Expert Comment: US Election UpdateWednesday 25 April 2012
Dr. Robert Busby, Senior Lecturer in the Department of Politics, History, Media and Communication at Liverpool Hope University
The win in Florida by Mitt Romney gives some meaningful hope to Republican party supporters that the poll bounces which have been experienced by candidates on the right of the party may have finally dissipated. With Santorum, Gingrich and Romney all having primary wins behind them Florida, one of the key states in the autumn election, was pivotal in providing momentum and in bringing predictability to what had been a chaotic race. Romney’s decisive win in the state, with 46% of the Republican vote, gives cause for optimism that the strongest candidate the Republican party has, can finally see off his dogged rivals and carve a route through to the summer Republican convention.
Romney’s win in Florida is instructive in several respects. He appears to have gained some unlikely support from Tea Party advocates – the new influential interest within the Republican party. Given a stark choice of Obama or Romney it may now be the case that the Tea Party will move to give formal backing to Romney and rally its supporters to his cause. Romney, with his moderate Republican stance, also has the greatest chance of getting financial support across the campaign, an important factor given the cost of running an effective primary campaign. In Florida Romney spent $16 million dollars in the last month alone. Romney agreed to release his tax figures last week, a move designed to lance a boil about the nature of his personal finances and one that had previously posed niggling questions about his personal integrity. That his disclosure did not derail his campaign in the short term suggests that he has come through perhaps one of the most testing periods of the primary race thus far and has enhanced his position, both personally and politically.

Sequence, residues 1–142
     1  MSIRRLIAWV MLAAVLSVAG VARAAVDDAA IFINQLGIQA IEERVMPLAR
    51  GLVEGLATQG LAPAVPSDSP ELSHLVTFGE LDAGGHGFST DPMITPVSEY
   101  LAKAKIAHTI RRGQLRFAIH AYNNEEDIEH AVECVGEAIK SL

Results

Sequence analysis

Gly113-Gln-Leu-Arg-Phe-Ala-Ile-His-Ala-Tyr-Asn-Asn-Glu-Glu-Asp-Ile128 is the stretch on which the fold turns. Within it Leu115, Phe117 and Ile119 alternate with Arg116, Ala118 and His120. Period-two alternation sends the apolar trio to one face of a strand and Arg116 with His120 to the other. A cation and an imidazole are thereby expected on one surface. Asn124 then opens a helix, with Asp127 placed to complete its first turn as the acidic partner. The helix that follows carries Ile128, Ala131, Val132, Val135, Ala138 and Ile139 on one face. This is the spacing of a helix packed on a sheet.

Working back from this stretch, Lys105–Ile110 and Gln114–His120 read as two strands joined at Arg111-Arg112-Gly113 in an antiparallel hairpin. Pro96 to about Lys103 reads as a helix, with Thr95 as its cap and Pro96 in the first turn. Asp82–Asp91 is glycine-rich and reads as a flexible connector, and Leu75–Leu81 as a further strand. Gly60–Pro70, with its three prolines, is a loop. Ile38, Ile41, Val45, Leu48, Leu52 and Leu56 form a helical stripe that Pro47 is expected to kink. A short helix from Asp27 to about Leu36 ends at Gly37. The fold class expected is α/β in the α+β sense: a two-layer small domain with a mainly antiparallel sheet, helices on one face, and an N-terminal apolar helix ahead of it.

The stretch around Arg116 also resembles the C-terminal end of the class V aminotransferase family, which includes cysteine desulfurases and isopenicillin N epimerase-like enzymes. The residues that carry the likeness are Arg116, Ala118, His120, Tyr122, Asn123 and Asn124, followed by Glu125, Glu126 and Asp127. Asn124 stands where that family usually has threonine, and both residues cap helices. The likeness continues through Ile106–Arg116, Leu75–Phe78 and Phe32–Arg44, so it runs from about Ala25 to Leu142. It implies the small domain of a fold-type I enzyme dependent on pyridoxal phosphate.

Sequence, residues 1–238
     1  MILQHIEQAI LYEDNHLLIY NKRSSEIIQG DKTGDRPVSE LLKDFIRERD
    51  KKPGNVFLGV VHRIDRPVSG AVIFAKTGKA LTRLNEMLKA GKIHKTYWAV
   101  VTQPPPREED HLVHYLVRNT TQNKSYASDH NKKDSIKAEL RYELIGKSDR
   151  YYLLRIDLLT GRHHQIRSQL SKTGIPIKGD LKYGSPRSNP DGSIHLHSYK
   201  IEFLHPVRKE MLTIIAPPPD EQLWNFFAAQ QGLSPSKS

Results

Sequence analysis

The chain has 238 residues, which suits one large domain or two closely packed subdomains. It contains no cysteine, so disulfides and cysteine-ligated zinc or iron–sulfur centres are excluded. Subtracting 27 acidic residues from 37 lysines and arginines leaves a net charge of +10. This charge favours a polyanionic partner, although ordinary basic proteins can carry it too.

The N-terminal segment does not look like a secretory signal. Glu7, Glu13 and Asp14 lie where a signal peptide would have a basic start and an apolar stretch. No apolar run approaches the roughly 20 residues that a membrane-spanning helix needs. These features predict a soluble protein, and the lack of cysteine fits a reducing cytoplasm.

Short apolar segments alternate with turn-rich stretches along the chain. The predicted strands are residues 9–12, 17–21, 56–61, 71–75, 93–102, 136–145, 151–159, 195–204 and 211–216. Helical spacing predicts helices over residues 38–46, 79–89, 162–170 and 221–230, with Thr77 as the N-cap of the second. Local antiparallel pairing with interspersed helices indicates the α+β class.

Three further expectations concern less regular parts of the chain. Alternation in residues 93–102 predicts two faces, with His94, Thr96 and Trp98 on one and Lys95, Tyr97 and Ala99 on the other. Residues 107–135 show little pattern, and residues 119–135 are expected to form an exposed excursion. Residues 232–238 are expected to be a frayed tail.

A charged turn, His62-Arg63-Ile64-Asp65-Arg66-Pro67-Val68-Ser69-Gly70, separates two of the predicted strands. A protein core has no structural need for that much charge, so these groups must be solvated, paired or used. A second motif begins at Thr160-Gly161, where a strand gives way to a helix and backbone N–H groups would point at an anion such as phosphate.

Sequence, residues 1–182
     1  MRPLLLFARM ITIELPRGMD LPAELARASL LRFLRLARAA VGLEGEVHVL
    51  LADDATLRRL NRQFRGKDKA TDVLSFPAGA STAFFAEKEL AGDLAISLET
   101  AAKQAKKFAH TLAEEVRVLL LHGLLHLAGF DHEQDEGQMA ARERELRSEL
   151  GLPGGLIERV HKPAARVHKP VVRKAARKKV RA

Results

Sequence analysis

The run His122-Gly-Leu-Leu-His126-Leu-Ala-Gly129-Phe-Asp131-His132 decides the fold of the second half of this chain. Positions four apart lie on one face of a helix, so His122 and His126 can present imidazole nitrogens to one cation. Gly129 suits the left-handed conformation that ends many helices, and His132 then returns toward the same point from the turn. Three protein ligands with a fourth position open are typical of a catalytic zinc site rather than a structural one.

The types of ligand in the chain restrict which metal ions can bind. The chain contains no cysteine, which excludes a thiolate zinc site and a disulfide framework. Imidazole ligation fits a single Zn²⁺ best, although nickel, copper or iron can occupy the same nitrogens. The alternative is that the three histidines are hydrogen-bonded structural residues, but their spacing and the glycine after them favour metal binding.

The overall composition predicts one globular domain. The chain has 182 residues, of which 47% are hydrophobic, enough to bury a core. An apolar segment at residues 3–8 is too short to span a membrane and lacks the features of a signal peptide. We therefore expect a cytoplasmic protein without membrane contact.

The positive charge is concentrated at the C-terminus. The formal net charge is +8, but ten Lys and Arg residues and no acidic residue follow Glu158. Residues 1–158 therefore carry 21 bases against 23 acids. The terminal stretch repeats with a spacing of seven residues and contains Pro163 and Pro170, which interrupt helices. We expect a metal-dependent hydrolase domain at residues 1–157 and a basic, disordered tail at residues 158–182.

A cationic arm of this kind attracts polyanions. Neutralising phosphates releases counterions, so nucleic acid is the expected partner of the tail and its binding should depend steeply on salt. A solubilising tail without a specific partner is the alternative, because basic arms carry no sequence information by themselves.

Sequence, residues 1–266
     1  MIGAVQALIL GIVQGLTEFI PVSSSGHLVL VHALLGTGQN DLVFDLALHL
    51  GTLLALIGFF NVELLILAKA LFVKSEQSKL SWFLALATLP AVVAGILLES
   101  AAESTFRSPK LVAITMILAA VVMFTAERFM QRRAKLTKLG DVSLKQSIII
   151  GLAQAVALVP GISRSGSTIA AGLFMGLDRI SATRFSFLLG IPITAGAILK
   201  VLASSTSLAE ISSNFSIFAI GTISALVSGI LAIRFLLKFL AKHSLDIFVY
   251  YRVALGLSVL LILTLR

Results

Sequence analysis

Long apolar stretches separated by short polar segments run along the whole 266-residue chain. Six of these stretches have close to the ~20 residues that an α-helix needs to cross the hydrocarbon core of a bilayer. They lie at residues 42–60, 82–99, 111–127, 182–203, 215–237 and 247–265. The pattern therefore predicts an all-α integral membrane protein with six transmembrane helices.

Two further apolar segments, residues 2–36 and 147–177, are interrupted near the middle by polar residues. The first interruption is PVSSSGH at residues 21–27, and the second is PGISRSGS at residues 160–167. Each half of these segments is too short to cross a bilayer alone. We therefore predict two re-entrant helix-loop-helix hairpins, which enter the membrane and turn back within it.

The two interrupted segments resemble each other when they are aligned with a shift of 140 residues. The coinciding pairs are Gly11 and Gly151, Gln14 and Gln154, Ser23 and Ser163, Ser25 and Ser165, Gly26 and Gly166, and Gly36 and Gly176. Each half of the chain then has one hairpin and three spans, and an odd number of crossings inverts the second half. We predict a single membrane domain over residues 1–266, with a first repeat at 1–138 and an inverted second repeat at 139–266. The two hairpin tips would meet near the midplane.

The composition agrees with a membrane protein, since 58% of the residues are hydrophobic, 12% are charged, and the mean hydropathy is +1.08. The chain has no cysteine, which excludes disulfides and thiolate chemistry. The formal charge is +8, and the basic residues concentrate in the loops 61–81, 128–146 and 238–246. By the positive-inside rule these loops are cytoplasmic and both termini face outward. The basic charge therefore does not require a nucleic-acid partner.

Santorum is effectively finished in the race, and Ron Paul may decide to continue, but he plays to a narrowly defined libertarian wing of the party and serves as an ideological beacon rather than a realistic presidential nominee. The race is now only between Gingrich and Romney. Romney has the money, the momentum, or the ‘mittmentum’ as his supporters like to call it, and a cross section of support from across the party. Gingrich appears to be lagging behind in all of these areas. On to Nevada….